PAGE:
Interview: Finding a solution requires cooperation between many players
Since the end of last year, the BKV has had a new managing director, namely Dr. Ingo Sartorius. Prior to this, Sartorius spent more than 25 years at Germany’s association of plastics producers, PlasticsEurope Deutschland, where he headed the “Man and the Environment” division (today: Climate Protection and Circular Economy). In this function, he also dealt with topics such as marine litter and plastics and the environment. In this interview, we ask him about the subject of plastics in the environment and the planned BKV projects dealing with this issue.
Read more … Interview: Finding a solution requires cooperation between many players
Global agreement against plastic litter in the environment
At the United Nations Environment Assembly (UNEA) on 2 March in Nairobi, the representatives of the member states launched a legally binding international agreement against plastic pollution of the environment, for which it received much praise from politicians, environmental protection organisations and industry associations. The World Plastics Council as well as the German associations of the chemical and plastics industry all expressed a positive view of the agreement.
Read more … Global agreement against plastic litter in the environment
In the experts' opinion, the ban on plastic bags is a "symbolic step"
Since the beginning of 2022, plastic bags are not allowed to be sold over the counter. The ban covers single-use plastic bags with a film thickness of 15 to 50 micrometres. For Christian Laforsch, Professor for animal ecology and spokesman for the special research area of microplastics at the University of Bayreuth, the ban has above all a symbolic character. In his view, it serves to create awareness and stands for the problematic handling of plastic. Laforsch considers it necessary to have a true circular economy plus a higher regard for plastics.
Read more … In the experts' opinion, the ban on plastic bags is a "symbolic step"
US causes the most plastic waste
According to a US study, the United States of America is the biggest producer of plastic waste worldwide. In 2016, some 42 million tons of plastic waste was generated there – more than twice as much as was produced by China and more than all the countries of the European Union together, write the authors of an expert report. The report from the non-profit National Academies of Sciences, Engineering and Medicine was submitted to the US government, and contains a number of recommendations. Above all the production of new plastics should, in the opinion of the academies, be reduced.
Corals clean seawater of microplastic
According to a study from the Justus Liebig University in Gießen (JLU), reef-forming corals incorporate small plastic particles permanently into their calcareous skeleton and contribute in this way to cleaning the seawater of microplastic. For the study, Dr. Jessica Reichert and her team examined four types of coral that live in the Indopacific. They simulated a heavy microplastic pollution and subsequently analysed skeletons and tissue of the corals.
Team of volunteers collects data on microplastics in the sea
In early summer 2021, two women from Flensburg in northern Germany went fishing for microplastic in the North Sea and Baltic Sea. Nine sailing enthusiasts and a number of other volunteers assisted them in the so-called Citizen Science Project. The results will now be made available to science.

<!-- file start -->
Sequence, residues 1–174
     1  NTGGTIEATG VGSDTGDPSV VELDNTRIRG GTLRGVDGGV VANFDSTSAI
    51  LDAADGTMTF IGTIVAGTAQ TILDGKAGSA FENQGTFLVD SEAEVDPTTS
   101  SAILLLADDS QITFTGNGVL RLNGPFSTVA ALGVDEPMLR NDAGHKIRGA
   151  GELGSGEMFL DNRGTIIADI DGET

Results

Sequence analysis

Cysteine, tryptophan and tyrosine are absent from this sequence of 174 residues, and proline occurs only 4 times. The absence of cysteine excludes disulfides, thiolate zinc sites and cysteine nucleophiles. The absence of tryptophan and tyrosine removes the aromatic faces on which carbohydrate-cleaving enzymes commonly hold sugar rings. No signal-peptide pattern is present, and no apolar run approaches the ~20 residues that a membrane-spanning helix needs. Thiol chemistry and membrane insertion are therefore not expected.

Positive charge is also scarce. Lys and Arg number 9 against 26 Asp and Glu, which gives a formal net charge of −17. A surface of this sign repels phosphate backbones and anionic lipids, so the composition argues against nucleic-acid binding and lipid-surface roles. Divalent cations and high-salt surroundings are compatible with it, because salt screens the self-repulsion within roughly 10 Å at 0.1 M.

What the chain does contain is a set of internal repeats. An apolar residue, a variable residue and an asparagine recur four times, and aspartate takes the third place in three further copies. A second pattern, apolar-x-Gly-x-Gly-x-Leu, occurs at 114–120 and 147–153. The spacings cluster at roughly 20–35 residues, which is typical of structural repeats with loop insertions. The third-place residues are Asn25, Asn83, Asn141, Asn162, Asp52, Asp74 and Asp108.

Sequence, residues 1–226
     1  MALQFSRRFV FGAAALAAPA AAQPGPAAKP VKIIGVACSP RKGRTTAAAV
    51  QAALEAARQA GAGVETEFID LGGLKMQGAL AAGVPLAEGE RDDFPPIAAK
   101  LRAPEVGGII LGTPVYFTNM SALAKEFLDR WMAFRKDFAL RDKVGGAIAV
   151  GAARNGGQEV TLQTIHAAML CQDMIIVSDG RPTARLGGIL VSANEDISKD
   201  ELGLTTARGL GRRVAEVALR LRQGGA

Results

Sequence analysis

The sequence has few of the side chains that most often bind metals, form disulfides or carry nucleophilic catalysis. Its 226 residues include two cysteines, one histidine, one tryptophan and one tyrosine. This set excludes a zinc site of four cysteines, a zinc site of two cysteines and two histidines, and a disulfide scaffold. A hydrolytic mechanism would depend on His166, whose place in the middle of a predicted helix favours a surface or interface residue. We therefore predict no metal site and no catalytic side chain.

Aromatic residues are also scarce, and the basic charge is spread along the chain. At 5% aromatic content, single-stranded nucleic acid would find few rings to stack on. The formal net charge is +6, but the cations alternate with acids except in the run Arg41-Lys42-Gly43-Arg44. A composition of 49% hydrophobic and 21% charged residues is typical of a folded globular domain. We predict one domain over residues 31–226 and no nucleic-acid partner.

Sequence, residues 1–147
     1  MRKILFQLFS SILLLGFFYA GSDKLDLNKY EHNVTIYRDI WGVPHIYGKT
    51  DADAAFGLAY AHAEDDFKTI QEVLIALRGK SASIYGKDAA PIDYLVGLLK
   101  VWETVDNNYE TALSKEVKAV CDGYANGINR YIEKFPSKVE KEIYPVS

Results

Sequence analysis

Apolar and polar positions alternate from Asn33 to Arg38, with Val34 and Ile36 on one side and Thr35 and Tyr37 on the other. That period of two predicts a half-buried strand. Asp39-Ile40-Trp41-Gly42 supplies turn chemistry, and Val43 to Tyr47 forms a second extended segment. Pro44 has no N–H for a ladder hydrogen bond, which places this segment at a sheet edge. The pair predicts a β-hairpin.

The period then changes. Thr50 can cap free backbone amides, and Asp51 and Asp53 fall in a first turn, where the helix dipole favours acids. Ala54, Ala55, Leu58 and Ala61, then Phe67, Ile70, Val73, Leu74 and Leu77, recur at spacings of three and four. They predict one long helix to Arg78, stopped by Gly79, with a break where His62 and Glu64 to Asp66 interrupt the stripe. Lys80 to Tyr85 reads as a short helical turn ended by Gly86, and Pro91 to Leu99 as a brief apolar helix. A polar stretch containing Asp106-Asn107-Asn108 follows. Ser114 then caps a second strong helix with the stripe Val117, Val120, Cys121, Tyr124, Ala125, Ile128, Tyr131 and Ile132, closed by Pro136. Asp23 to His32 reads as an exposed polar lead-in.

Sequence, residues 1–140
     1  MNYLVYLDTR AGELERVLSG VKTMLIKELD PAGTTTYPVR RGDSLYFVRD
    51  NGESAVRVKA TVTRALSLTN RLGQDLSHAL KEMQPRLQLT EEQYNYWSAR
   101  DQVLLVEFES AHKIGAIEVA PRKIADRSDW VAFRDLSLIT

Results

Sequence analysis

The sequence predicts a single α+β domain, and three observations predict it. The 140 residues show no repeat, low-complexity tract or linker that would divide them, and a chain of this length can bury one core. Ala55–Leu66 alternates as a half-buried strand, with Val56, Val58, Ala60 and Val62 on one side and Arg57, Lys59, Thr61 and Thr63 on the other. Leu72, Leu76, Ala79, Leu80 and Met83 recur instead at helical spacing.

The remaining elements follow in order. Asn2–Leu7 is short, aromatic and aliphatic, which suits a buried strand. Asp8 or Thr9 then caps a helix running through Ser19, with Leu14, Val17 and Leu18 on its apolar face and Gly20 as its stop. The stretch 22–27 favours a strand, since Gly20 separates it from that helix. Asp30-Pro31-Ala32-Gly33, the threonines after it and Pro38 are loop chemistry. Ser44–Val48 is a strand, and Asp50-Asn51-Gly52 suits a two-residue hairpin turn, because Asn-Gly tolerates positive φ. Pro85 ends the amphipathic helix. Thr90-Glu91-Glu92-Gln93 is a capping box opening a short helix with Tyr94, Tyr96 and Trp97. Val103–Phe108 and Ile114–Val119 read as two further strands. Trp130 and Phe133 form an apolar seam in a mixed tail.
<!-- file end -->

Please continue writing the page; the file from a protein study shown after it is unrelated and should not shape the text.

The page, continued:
Read more … Team of volunteers collects data on microplastics in the sea
Report "Plastics in the Environment"
The report published in April is now also available in English. It is a further development of the model "From Land to Sea", which has been repeatedly updated in the last few years because expert discussion is now also very much concerned with discharges into the environment and where they finally end up. The BKV will therefore again be updating the discharge pathways model "From Land to Sea" with new data this year.
Joint project "TextileMission" is concluded
After a good three and a half years of research, the joint project "TextileMission", which was funded by the German Federal Ministry of Education and Research (BMBF), has been concluded and the results have been published in a detailed final report. The report says that, in Germany, around ten tonnes of microplastic are released every year through the wearing and washing of sportswear such as fleece jackets and sports shirts and vests. 93 to 97 percent of the particles smaller than 5 millimetres and larger than 5 micrometres are retained in the treatment plants which means that between 100 kilogramme and 1.3 tonnes are released into the environment every year.
Analysis of innovative solutions
On the topic of marine litter, a team at the Helmholtz Centre Hereon (www.hereon.de), headed by research scientist Nikoleta Bellou, has published, in the specialist journal Nature Sustainability, a comprehensive analysis of solutions for the prevention, monitoring and cleaning of plastic waste that has been discharged into the environment. The team comes to the conclusion that there is a need for more funding, more networking between the parties involved, and a greater political will to find solutions.
Microplastics in agricultural soil
According to the intermediate result of an ongoing study on the documentation, evaluation and prevention of microplastic in composts and digestate from biowaste recycling units and their discharge into agricultural soil (MiKoBo), just under 450 tonnes of microplastics are discharged annually throughout Germany via composts and liquid digestate products. Of this, plastic sheet and film account for 146 tonnes and rigid plastics for 302 tonnes. The research project is funded by the German State of Baden-Württemberg and also involves the universities of Stuttgart, Hohenheim and Bayreuth as well as the Fraunhofer Institute for Chemical Technology, ICT.